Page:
Inhibition and reversibility of the steady-state activity of HePTP, STEP, and PTPRR. 5 μm HePTP (A), STEP (C), and PTPRR (E) were incubated with 0–2000 μm H2O2 for 15 min at room temperature; the incubations were then continued for 10 min either without (closed symbols) or with (open symbols) 10 mm DTT (±S.E., n = 6–12; two-way ANOVA test, ****, p < 0.0001). IC50 values for H2O2-mediated inhibition of HePTP (B), STEP (D), and PTPRR (F) at different incubation times (15, 60, and 120 min) either without (filled bars) and with (hatched bars) 10 mm DTT during the second incubation step (±S.E., n = 6–12; paired t test, *, p < 0.05 or **, p < 0.001).
Figure 3.
Figure 3.
Oxidation and reactivation rate constants for HePTP, STEP, and PTPRR. A–C, time dependence of HePTP (A), STEP (B), and PTPRR (C) inactivation by H2O2. H2O2 concentrations are shown in different colors. The data were fit to a single exponential; insets show the concentration dependence of inactivation used to define the second-order rate constant k1. D and E, time-dependent reactivation of KIM-PTPs by DTT using stopped-flow kinetics: D, HePTP at DTT concentrations of 2.5, 5, 10, 20, 30, and 40 mm (curve for 2.5 mm is shown). E, STEP at identical DTT concentrations (curve for 10 mm DTT shown). The insets yield the second-order rate constants k4. F–H, time-dependent irreversible inactivation of KIM-PTPs by high H2O2 concentrations: HePTP (F), STEP (G), and PTPRR (H). Experiments were performed as described in A–C, with the exception that higher concentrations of H2O2 were used. The insets show the concentration dependence of the inactivation used to define the second-order rate constant k2. ±S.E., n = 3.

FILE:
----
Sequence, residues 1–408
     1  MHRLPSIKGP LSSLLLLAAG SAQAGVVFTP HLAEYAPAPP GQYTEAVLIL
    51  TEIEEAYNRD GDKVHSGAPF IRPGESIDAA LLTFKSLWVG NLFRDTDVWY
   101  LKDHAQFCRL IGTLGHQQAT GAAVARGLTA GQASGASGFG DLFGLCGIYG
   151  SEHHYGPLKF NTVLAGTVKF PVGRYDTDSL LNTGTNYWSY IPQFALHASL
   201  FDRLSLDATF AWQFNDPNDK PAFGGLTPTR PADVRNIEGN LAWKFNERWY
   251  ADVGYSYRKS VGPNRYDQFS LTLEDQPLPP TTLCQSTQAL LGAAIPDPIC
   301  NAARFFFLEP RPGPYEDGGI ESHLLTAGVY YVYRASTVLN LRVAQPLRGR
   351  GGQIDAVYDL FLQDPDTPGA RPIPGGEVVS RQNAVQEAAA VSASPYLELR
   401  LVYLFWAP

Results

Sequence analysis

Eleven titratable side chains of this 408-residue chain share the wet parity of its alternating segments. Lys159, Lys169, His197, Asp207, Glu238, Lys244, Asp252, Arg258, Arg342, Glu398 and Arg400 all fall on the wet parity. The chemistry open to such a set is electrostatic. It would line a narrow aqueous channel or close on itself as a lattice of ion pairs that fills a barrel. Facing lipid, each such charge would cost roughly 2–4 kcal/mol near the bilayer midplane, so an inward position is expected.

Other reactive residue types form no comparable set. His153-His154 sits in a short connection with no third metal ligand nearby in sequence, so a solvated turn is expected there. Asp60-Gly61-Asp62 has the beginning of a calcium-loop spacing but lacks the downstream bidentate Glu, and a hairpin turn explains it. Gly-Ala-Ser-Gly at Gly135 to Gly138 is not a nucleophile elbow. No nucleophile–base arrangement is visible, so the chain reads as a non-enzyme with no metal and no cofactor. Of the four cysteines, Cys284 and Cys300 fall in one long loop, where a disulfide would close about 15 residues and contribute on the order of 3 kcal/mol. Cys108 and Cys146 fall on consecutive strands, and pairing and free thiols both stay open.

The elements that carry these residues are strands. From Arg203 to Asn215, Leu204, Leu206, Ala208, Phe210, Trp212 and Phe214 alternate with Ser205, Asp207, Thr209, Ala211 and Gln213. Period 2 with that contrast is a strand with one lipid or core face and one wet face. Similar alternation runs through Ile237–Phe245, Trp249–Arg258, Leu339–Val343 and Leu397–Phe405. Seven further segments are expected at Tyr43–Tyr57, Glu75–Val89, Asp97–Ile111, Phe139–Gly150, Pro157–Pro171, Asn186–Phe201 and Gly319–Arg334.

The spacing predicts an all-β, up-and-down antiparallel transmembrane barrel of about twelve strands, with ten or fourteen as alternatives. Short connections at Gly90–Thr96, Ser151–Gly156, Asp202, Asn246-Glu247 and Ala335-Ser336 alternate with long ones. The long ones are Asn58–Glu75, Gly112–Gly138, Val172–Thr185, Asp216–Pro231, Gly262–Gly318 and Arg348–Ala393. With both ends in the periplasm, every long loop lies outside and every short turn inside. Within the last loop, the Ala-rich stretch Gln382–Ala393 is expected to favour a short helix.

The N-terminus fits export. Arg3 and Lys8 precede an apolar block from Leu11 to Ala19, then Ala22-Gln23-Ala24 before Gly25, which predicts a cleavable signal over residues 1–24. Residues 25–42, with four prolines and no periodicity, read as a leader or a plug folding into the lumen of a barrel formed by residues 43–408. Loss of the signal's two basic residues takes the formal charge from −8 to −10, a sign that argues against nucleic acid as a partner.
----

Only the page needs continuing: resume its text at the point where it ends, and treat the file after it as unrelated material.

Figure 4.
Figure 4.
STEP and PTPRR form intramolecular disulfides, whereas HePTP does not. A, C, and E, inactivation of KIM-PTPs and BC and cysteine variants. 20 μm STEP and STEP(C384S) (BC) (A), PTPRR and PTPRR(C501S) (BC) (C), and HePTP, HePTP(C116S), HePTP(C183S) (BC), and HePTP(C207S) (E) were incubated with 0–2000 μm H2O2 for 15 min at room temperature and the resulting activities at steady-state measured. B, D, and F, steady-state reversibility of KIM-PTPs and their variants. 20 μm STEP (B), PTPRR (D), and HePTP (F) were incubated with 500 μm H2O2 for 15 min at room temperature; the samples were then incubated with varying concentrations of DTT (0–20 mm) for 15 min and their activities were measured to determine the recovered activities (described under “Experimental procedures”). ±S.E., n = 4. Two-way ANOVA test, with ****, p < 0.0001.
Figure 5.
Figure 5.
Identification of the disulfide-linked peptides in oxidized HePTP, STEP, and PTPRR using LC-MS. A–C, STEP, PTPRR, and HePTP treated with H2O2 (top) or treated with H2O2 and subsequently incubated with 10 mm DTT and 55 mm IAM (bottom). Mass errors at MH4+ were 6.0, 5.2, and −0.2 ppm for STEP, PTPRR, and HePTP, respectively.
Figure 6.
Figure 6.
Size exclusion chromatography and non-reducing SDS-PAGE of oxidized HePTP. A, HePTP (34 kDa) was incubated in the absence (black) or presence of 500 μm (red) H2O2 for 10 min (120 units/ml of catalase was used to quench the reaction); blue line corresponds to 44-kDa standard. B, HePTP was incubated in the presence of 0, 100, and 500 μm H2O2 for 10 min (60 units/ml of catalase was used to quench the reaction). 10 mm IAM or 10 mm DTT were used to either stabilize the free cysteines or reduce the disulfide bonds, respectively.
Figure 7.
Figure 7.
2D [2H,15N]TROSY NMR data of HePTP in presence of H2O2. Left, [2H,15N]TROSY spectra of 2H,15N-labeled 97 μm HePTP (black) in the presence of 100 (dark cyan), 300 (red), and 500 μm (purple) H2O2. Right, 2H,15N-labeled 97 μm HePTP in the presence of 100 μm (dark cyan), 300 μm (light pink), and 500 μm (light purple) H2O2 after addition of 10 mm DTT.
Figure 8.
Figure 8.
Reversible oxidation mechanisms of PTPs.